Monsanto, Bayer and Feeding the World

By Opinion FOXBusiness

Monsanto (MON) is holding out for a higher bid from Germany’s Bayer AG (BAYG) which could boost the current $122 per share $62 billion offer to an even loftier level. A revised bid between $140 to $150 per share could be in the cards. Or we may see another suitor, perhaps BASF (BASFY).

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No matter who wins Monsanto, the deal is a game changer. The company would compete against Syngenta AG (SYT) which is in the process of being acquired by Chem-China and a merged Dow (DOW) and DuPont (DD). This $130 billion merger will result in three separately traded companies with the agriculture unit a fraction of its global competitors.

There’s a reason these deals are happening at an accelerated pace; the need to feed the world. The World Bank is predicting a potential food shortage by 2050.

Think of population growth outside the western world and there will be enormous demand for food. Even in Europe the public relations aspect that’s virtually barred these seeds and foods from the continent will eventual come down over the need to feed people.

And Monsanto has had lofty goals that will benefit mankind.

Monsanto's Money Makers

Ambitious Goals

2000 – 2030

Improve Harvest 100%

Use 1/3 Fewer Resources













Investors should look to history for some perspective on these deals. The world has always veered toward disaster –warnings rather solutions (just ask the news media which grabs the most eyeballs) and sometimes in the process created avoidable disasters. How intriguing there is so much opposition to this scientific miracle when feeding the world was once the biggest cloud over humanity. There was significant fear of mass starvation; even in the west there was a scrabble to head off this inevitable plague.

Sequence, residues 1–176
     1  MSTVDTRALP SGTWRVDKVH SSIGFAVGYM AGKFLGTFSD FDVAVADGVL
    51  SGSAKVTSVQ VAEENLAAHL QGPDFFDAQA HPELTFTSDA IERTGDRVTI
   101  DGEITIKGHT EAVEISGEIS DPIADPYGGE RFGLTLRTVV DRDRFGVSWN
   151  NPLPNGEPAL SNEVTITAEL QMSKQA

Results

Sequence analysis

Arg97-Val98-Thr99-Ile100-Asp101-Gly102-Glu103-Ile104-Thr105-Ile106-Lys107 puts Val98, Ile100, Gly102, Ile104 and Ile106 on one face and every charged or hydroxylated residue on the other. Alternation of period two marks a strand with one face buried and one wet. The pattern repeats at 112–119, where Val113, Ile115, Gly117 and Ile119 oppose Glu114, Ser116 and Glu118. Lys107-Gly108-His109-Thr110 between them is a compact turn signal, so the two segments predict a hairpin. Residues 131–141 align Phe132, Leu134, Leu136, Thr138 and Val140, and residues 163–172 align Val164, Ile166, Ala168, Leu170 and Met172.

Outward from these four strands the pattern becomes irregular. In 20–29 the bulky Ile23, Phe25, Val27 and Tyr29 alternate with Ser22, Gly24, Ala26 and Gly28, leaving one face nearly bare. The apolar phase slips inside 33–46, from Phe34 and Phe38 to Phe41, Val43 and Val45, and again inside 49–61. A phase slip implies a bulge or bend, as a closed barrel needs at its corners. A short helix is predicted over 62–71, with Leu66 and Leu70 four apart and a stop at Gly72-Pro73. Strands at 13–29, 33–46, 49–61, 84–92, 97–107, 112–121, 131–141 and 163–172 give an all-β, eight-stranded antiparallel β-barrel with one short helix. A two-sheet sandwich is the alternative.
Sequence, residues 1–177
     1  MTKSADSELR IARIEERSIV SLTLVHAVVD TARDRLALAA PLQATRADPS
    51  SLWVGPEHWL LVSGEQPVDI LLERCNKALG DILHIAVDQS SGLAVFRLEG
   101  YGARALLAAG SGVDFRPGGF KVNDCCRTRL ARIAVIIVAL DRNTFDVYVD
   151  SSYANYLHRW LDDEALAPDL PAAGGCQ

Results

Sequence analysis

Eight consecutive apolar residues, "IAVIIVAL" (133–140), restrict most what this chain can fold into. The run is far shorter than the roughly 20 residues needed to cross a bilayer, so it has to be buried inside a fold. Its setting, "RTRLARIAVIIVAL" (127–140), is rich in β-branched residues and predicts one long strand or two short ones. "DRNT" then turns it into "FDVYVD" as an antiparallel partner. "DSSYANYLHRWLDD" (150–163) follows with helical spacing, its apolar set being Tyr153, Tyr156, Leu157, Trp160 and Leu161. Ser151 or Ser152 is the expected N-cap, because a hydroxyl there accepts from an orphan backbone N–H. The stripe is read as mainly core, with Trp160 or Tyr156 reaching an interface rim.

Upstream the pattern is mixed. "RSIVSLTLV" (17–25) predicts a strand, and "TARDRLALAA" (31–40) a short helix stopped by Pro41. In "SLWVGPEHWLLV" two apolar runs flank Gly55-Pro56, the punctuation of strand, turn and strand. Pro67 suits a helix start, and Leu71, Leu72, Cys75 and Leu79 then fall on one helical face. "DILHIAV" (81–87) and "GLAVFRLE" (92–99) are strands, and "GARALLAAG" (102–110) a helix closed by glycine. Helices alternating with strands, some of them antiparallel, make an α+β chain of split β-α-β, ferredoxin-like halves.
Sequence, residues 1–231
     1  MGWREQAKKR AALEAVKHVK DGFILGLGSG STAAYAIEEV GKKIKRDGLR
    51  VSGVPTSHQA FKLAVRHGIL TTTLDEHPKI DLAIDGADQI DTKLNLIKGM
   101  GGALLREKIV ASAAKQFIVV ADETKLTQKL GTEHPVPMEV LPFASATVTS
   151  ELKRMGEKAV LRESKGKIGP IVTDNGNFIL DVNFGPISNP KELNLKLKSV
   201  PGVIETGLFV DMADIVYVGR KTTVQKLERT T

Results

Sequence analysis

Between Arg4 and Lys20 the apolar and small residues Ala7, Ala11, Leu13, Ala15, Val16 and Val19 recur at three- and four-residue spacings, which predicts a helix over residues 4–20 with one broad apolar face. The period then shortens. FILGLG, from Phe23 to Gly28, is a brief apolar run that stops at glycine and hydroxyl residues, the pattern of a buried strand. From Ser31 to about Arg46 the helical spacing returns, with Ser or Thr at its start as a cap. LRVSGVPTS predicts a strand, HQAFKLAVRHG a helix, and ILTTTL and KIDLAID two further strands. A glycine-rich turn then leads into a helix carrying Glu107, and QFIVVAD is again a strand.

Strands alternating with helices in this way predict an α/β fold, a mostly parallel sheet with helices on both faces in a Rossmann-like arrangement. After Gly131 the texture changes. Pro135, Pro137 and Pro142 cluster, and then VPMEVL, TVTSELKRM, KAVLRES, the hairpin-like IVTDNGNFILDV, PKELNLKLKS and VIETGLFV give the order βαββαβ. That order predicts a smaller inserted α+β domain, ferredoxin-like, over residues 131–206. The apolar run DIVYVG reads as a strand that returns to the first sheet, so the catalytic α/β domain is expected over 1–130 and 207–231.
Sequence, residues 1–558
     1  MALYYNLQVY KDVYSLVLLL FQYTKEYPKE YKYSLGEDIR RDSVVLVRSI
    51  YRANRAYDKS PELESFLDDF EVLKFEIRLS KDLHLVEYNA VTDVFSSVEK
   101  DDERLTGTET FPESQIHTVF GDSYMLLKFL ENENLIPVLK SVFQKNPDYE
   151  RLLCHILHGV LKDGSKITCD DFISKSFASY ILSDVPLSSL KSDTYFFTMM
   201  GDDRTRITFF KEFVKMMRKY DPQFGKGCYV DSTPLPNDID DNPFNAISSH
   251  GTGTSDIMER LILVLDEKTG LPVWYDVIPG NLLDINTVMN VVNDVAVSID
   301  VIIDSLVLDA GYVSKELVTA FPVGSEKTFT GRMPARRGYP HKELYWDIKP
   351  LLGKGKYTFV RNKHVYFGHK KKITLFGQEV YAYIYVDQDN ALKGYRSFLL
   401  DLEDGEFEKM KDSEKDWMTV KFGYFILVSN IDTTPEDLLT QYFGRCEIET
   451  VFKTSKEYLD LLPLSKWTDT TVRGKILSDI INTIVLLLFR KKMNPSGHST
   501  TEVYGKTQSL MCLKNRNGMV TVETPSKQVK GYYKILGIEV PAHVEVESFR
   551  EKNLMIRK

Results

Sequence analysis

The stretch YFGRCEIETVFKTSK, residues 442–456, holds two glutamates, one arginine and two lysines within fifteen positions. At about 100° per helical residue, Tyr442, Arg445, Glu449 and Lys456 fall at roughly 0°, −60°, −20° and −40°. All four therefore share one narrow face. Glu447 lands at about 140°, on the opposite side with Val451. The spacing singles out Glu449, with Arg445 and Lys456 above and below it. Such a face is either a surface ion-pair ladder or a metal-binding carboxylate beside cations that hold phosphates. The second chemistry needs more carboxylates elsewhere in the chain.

This fear was spread throughout Europe upon the publication of ‘An Essay on the Principle of Population’ by Thomas Malthus in 1798. Over the years such concerns about food and commodity shortages have shaped policy mostly toward disastrous ends.

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Malthusian Catastrophe

Famine seems to be the last, the most dreadful resource of nature. The power of population is so superior to the power of the earth to produce subsistence for man that premature death must in some shape or other visit the human race. The vices of mankind are active and able ministers of depopulation. They are the precursors in the great army of destruction, and often finish the dreadful work themselves. But should they fail in this war of extermination, sickly seasons, epidemics, pestilence, and plague advance in terrific array, and sweep off their thousands and tens of thousands. Should success be still incomplete, gigantic inevitable famine stalks in the rear and with one mighty blow levels the population with the food of the world.

Thomas Malthus, 1798. An Essay on the Principle of Population


Instead of such nonsense we should celebrate a growing population that’s living longer.


Life Expectancy

Change 2000 to 2015


5 years


9.4 years

This report first appeared in Wall Street Strategies.

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